When I have the same conversation many times in a row, I know it's time to do a blog post on the topic. This time it's a discussion (somewhat outside of usual scope of my posts but relevant anyway) of the causes of financial crisis, framed as "who is to blame" question. This thing is, I refuse to join the "darn banksters and their greed got us where we are" chorus. Not because I have some particular reason to love banks and bank people, mind you. I simply can't see how you blame something or someone acting according its nature and doing so within the framework you yourself created.

Any explanation, any description, any user manual is by definition simplification of things. Let's simplify this.

If you put a carrot in rabbit's cage - carrot will be eaten.
If you put a rabbit in wolf's cage - rabbit will be eaten.

Putting carrot in rabbit's cage or rabbit in wolf's without understanding what fate awaits for both is stupidity.
Bemoaning carrot's and rabbit's fate, blaming rabbit in carrot's "death" and wolf - in rabbit's is hypocrisy.

Pushing lenders to lend to barely or un-qualified borrowers; Lowering lending standards; Repealing laws and rules that kept such unsafe practices at bay; Guaranteeing those unsafe loans via GSEs; Keeping super low rates for too long - all this created a framework where profits could be had while risk was mitigated or masked by those guarantees. Creating a situation where a profit-oriented by its very nature organization can make a profit while relegating risk to someone else's shoulders and not foreseeing the inevitable failure is stupidity. Creating such situation, observing that organization doing just that and blaming it for following its very nature is hypocrisy.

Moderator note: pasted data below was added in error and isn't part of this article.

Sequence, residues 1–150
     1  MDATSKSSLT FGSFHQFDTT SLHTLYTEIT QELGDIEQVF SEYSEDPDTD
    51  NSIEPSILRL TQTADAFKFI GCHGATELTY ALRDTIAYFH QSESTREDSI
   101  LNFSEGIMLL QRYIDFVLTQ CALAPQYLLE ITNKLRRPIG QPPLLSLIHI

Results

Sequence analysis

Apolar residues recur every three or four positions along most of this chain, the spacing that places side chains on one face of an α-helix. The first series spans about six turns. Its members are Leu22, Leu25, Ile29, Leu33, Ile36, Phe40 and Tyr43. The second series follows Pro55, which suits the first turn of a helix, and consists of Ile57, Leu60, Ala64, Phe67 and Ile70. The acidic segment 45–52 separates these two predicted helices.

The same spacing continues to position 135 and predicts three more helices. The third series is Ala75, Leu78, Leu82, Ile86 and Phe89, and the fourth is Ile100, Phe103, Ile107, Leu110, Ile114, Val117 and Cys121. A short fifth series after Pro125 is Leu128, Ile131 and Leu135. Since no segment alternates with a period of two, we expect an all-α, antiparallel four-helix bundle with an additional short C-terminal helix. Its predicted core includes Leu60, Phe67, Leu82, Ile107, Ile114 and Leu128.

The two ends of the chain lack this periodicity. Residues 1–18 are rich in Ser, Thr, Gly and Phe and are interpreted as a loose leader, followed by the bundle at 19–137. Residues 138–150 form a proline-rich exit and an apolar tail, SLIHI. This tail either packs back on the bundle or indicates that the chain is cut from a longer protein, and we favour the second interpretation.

Should banks be excluded fully as entities having their hand in everything that happened? Lord no. But the idea that the bank by itself is some kind of evil organization or that people working in or for the banks are necessary bad is ummm... how do I say it softly... stupid? Yet it's just the mindset that is being propagated. Let's all hate banks and solve our problems by materializing this hatred in this or that form - while real culprits are all too happy to channel the anger away from themselves.

Sunday, August 30, 2009

Manipulation: myth and reality

Always hot and contradictionary topic, causing emotional flare-ups all over various boards and forums. Since the conclusion some make is that manipulated markets are untradeable, it becomes a matter of practical interest for us. As traders though, we are interested in reality, so let's try and analyze the matter at hand. Also, as traders we want to do it not for the brain exercise but in pursuit of a practical pragmatic purpose - and that's what we are going to arrive at.

Little qualifier before we begin: everything said below is said about normal liquid markets. I am not discussing extremely thin markets where the smallest order can move the market - those are disaster in the making for anyone who wants to play them, manipulation or not. I am talking about those real markets, you know - hundreds of millions of shares available, thousands of players involved.